“I ended up catching this beautiful 17.5 pound bass,” he said. Mr. Contessa is typically a catch-and-release fisherman, and hasn’t killed a striped bass in more than two years “just as a general matter of practice.” Luckily, he’d been out fishing close enough to headquarters so that after rushing to weigh in, he was able to release the fish still alive the in the harbor.

“Just icing on the cake,” Mr. Contessa said.

A total of 2,230 fish have been weighed in so far — bluefish are the most common catch at 907, followed by bonito at 533, false albacore at 511 and striped bass at 279.

Norman Bouchard leads the derby for boat-caught bonito (10.47 pounds), and Michael Berninger is tops for shore-caught bonito (7.49 pounds).

Although striped bass are way behind other species, bass fishing has overall been “decent, let’s put it that way,” said Creanga Cosmin, who is currently leading the shore-caught bass division with a 38.63 pound fish. “Not a whole lot of fish, but a whole lot of big ones, right at the right time.” Vinny Iacono’s 39.77 pound bass leads the boat-caught division.

Timing was key for Mr. Cosmin when he landed his leader. Mr. Cosmin only fishes from the shore as he gets motion sickness. He and a friend went out fishing, and on the very first cast he landed a 30-pound striper. On the second, he caught the 38-pounder. He handed his rod and reel to his friend, whose rig had been knocked down.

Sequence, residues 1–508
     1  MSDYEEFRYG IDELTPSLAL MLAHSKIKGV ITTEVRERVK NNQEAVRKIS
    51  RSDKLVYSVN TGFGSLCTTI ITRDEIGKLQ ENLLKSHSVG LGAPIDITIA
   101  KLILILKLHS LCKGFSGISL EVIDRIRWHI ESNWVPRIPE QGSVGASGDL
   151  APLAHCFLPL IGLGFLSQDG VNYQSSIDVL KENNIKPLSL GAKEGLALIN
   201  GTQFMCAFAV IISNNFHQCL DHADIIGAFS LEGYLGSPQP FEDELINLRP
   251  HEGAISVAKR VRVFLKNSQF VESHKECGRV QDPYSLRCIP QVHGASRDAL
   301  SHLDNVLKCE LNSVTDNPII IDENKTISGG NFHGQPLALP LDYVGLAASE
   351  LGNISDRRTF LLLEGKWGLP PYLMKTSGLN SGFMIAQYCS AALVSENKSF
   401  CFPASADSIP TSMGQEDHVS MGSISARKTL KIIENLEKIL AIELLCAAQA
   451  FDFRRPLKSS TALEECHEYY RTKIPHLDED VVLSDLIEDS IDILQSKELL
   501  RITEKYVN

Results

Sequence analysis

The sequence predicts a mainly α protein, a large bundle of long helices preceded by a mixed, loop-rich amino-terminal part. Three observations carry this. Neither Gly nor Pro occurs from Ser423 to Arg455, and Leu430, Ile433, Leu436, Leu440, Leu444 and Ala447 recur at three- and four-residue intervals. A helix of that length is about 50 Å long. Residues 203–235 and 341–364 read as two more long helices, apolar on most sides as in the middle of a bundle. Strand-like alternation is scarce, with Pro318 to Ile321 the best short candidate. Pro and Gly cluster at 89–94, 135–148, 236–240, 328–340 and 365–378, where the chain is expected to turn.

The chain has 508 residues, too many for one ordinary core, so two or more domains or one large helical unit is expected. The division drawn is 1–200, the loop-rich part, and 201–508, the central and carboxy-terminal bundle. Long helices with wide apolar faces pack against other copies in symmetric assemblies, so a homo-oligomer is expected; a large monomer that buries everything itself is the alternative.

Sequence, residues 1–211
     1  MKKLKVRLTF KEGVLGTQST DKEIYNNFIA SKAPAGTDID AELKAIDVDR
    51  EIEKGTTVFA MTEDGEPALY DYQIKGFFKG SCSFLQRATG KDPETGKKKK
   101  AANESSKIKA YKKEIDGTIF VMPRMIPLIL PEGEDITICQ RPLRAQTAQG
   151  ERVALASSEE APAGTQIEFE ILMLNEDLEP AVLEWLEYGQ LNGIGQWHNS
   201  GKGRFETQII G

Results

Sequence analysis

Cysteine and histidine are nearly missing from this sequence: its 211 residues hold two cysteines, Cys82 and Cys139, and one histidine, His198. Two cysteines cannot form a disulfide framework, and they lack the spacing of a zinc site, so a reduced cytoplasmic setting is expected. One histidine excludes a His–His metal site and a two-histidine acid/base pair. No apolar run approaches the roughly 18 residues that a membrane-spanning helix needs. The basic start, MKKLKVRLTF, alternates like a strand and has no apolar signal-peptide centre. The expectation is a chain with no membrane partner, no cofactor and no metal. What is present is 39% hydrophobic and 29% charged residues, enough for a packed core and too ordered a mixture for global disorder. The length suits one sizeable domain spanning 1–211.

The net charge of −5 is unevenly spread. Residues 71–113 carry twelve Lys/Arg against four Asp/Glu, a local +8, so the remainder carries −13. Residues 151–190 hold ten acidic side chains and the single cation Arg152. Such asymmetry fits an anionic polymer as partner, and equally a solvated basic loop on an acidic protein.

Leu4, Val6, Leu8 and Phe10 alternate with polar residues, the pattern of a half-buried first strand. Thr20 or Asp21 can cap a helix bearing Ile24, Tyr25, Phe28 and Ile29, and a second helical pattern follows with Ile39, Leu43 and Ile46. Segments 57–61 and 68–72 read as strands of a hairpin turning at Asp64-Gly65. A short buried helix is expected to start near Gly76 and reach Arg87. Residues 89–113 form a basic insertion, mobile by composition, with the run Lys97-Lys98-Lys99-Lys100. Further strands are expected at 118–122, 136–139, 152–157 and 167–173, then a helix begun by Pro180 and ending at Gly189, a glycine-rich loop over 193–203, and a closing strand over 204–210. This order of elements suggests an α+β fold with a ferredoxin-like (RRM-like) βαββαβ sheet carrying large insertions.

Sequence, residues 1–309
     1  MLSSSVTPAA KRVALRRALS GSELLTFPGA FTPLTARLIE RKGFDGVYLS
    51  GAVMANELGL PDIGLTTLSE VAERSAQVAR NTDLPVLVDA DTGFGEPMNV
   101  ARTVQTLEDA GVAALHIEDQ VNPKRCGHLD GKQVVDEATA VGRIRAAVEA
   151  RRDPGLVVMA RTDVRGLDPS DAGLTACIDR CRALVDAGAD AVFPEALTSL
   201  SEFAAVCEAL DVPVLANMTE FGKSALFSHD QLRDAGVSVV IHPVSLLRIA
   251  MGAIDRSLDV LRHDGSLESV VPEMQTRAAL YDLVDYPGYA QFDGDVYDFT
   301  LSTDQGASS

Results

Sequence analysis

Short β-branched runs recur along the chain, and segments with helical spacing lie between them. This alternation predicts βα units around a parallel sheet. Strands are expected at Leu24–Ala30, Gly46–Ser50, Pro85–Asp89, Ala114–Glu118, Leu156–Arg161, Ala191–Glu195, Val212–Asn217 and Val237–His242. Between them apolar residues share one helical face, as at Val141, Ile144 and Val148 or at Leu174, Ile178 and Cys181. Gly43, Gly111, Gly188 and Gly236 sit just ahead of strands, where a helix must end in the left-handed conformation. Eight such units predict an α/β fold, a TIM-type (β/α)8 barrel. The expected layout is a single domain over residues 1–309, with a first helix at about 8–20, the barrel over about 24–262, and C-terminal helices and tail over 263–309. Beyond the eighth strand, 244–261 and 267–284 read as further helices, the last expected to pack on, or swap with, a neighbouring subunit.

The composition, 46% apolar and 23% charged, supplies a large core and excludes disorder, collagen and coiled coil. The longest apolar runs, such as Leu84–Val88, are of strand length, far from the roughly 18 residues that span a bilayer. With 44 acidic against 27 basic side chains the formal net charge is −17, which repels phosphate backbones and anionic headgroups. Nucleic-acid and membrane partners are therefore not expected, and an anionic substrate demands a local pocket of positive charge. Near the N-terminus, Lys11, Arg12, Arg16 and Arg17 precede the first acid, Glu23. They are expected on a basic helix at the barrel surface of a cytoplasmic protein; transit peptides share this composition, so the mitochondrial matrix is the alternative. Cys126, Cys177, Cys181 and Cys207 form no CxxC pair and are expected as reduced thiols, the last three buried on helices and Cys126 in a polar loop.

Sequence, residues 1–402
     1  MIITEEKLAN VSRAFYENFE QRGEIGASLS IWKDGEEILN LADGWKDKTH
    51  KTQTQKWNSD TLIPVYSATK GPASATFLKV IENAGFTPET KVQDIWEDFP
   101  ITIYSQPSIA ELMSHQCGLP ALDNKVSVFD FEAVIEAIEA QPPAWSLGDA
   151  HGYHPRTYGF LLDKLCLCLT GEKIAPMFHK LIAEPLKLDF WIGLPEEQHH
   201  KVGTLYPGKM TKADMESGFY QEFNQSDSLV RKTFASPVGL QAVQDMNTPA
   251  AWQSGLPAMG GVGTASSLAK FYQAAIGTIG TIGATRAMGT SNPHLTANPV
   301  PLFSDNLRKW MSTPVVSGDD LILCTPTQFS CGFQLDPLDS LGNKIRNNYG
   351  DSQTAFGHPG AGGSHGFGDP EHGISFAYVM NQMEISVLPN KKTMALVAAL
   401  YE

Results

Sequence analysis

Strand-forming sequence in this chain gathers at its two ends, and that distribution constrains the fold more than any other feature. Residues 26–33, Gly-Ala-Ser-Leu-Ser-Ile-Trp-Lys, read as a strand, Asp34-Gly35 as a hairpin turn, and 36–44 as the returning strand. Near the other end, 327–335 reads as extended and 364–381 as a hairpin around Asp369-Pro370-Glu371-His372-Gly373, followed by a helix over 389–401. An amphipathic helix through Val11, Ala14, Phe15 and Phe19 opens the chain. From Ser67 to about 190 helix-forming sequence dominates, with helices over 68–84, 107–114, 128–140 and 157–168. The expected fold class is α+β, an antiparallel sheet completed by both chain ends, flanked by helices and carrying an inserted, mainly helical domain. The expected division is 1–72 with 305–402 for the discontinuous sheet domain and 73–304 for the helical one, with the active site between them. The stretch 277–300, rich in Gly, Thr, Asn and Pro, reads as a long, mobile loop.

“I came back 20 minutes later and said did you get a fish?” Mr. Cosmin recalled. His friend had no luck. “Just those 10 minutes, that was it,” said Mr. Cosmin.

The heavy fish was also a boon to the Woodpeckers, the two-man team comprised of Mr. Cosmin and Donald Scarpone. The two have entered the team division of the derby for the past few years, and this year are in the top shore spot with an entry of 55.86 pounds.

“That was our goal from day one, to win the teams,” Mr. Cosmin said. Last year, he and Mr. Scarpone finished in third place, shy of second “by a small albie.”

“This year, we said we’re not going to make that mistake again,” Mr. Cosmin said.

The derby ends with the last weigh in on Saturday night. Then on Sunday, Mr. Cosmin, Mr. Scarpone and hundreds of other contestants will make their way to Farm Neck Golf Club for the awards ceremony, which begins at 1 p.m.

Mr. Custer has been busy preparing the prize bags for winners, which are organized “in a maze” in his basement. Items from sponsors begin to show up in May. Mr. Custer spent all of last Saturday finishing up the bags.

“I’m glad it was a rainy day,” he said.

The basement will be empty come Sunday, with the bags off to new homes. And two winners will walk away with the grand prizes: the Chevy Silverado truck and the Eastern boat.

“I’m looking forward to it,” Mr. Custer said.

The 69th Martha’s Vineyard Striped Bass and Bluefish Derby ends at 10 p.m. on Saturday night. The awards ceremony begins at 1 p.m. on Sunday at Farm Neck Golf Club. Doors open at 12:30 p.m. All are invited to attend.